Living in Guatemala

By Anne-Marie Dingemans

I lived in Antigua, Guatemala between 1999 and 2001, and I had the time of my life! Guatemala kept all my senses triggered the entire time, and I came away from that country with so many lessons learned and experiences lived and memories to treasure forever. I come from the Netherlands, a very tranquil, rich, culturally homogeneous country that is best described by one of the most beloved Dutch sayings: "Why don't you behave just normal, that's crazy enough." Well, Guatemala, Antigua in particular, is a little different to say the least!

What struck me most upon arrival was the noise. What noise! 50-year old American school buses start running and honking their horns incessantly from 6am and don't stop until 8pm, singing housewives sweep patios at 6am, tortilla-vendors shout their arrival, trucks try to make their way through narrow, cobblestone streets. It took me months to get used to it.

And then the smells. Houses are built much more open, often rooms open onto open air patios, so when you walk from your room to the bathroom in the morning, you're outside. I loved that sense of openness and fresh air. Unfortunately that glorious morning moment always came to a crashing halt when I sat down on the toilet and realized again that in Guatemala you can't flush your toilet paper, rather you throw it in a trash basket…

The sights of Guatemala were never disappointing. The nature is so rich and so varied, and especially in November and December after the rainy season when all plants and trees are bright green and contrast the blazing sun with the stark blue sky. Which of course are exactly the colors the Indigenous use in their intricate weavings. Each village has its own style, each family its own patterns.

I liked living in Antigua because it has a perfect climate. The lowlands are very hot and humid, and high up in the mountains it gets to be a little too cold to my taste. Antigua is crispy fresh in the mornings and warm during the day. Most of the year you can wear t-shirts during the day, but it always cools down enough to be able to comfortably cover up at night. If you have fair skin you do have to be careful about sunburn, though. Antigua lies about 5,000 feet high in the mountains, and although the air can feel cool, you still burn.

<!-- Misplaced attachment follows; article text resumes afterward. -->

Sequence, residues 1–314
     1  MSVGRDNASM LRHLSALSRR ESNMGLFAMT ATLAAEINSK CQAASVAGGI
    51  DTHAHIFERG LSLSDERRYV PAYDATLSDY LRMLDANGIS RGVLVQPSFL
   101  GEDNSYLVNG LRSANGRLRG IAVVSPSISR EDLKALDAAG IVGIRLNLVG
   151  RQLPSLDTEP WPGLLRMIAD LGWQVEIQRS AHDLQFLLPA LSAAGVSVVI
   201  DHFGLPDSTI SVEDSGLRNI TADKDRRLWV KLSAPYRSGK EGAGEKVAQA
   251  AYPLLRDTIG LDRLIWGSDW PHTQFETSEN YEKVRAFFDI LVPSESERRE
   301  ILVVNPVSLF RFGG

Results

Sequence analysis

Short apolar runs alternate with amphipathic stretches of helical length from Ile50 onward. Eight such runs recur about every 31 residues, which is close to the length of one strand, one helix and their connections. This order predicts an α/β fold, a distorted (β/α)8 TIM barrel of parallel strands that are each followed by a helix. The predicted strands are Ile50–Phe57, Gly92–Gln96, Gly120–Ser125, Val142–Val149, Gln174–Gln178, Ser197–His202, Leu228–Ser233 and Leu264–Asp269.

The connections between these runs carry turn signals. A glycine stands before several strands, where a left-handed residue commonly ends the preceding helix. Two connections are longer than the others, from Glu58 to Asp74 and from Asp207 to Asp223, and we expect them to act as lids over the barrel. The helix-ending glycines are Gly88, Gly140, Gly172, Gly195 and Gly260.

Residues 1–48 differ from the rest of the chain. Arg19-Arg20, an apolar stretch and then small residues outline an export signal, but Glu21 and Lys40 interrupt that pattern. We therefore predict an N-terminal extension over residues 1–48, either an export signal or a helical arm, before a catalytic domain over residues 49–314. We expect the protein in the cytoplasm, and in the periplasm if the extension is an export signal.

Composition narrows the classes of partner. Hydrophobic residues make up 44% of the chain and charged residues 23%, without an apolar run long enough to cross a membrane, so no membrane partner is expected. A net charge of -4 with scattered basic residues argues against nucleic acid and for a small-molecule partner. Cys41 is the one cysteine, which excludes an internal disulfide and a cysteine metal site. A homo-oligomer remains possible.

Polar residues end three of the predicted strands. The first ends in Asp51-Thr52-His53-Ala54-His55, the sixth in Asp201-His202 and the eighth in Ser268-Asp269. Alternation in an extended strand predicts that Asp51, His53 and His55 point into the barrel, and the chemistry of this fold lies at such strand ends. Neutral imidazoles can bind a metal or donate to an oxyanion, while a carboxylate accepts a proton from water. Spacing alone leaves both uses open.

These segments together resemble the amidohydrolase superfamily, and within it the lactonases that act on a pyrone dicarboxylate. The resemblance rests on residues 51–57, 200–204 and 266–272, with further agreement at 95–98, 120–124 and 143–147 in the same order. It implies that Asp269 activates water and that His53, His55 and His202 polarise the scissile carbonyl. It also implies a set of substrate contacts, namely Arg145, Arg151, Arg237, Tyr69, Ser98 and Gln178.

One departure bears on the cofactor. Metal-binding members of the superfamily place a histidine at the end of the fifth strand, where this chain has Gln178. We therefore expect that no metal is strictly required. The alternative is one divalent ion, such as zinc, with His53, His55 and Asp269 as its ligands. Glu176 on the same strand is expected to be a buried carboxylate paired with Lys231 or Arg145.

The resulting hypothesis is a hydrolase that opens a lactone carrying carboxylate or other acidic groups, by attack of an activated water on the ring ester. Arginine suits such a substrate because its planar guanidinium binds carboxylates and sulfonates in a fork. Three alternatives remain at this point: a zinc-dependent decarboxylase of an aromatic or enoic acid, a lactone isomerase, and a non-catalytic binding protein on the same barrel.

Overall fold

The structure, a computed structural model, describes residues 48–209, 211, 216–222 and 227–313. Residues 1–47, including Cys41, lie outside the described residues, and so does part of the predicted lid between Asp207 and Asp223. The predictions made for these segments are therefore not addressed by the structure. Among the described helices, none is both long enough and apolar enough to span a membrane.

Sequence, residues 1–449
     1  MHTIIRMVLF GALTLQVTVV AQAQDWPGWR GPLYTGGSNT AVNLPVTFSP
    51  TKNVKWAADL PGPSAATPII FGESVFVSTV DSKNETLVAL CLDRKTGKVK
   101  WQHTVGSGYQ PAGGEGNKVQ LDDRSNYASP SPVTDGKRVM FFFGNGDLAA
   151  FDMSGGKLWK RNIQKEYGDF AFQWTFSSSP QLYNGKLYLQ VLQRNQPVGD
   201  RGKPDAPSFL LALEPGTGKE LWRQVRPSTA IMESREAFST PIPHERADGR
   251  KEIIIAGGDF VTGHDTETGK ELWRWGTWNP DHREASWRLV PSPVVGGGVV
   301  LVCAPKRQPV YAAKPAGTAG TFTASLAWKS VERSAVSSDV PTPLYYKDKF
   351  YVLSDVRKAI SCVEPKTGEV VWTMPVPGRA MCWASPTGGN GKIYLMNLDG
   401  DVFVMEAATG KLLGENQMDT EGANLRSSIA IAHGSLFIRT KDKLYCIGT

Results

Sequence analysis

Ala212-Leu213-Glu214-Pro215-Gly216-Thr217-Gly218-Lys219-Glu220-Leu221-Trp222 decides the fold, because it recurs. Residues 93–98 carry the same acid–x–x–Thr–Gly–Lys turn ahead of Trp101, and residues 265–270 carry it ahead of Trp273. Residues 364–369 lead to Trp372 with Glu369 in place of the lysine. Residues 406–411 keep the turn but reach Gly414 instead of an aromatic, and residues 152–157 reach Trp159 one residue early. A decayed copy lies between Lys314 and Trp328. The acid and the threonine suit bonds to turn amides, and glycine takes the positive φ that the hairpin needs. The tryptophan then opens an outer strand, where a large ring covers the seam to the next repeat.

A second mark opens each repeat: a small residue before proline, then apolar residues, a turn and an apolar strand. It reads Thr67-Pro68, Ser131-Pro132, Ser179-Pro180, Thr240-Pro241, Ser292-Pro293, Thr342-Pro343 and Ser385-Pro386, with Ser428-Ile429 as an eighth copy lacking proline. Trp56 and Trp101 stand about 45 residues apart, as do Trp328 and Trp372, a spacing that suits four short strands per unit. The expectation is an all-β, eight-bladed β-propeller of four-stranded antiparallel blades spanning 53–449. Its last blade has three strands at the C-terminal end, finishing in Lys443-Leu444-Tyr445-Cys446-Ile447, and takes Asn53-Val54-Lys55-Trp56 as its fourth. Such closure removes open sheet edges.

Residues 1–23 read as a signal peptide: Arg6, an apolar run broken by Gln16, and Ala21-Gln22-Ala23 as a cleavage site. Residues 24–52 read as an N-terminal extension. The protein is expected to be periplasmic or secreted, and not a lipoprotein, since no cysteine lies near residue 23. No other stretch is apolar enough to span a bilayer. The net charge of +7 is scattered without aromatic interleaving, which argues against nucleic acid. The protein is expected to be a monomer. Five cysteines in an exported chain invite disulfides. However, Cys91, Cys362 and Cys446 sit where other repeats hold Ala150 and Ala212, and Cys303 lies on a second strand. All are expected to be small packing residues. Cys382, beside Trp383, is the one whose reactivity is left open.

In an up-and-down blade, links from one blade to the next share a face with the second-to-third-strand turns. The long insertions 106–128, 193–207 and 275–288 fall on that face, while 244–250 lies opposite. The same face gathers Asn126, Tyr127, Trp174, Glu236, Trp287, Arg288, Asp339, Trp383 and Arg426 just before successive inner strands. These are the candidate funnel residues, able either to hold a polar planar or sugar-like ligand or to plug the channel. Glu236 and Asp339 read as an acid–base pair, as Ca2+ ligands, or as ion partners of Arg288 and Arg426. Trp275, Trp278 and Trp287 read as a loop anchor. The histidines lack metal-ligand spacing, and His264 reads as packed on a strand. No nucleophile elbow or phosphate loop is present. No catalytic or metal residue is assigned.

I haven't mentioned the tastes of Guatemala yet! Although the cuisine is generally pretty simple and bland, (the fact that it's a very poor country doesn't help of course, as many imported products are much too expensive for Guatemalans), that perfect climate I talked about earlier is very conducive for big, juicy, sweet, truly fresh fruits. Right off the tree! You have to taste it to know what I mean. And then, what a Guatemalan woman can do with a little corn flower, water, oil and avocados… The current director of the school in Antigua recently told me that the same ladies still sell their tostadas (small fried corn tortillas) with guacamole at the door of the school every morning!

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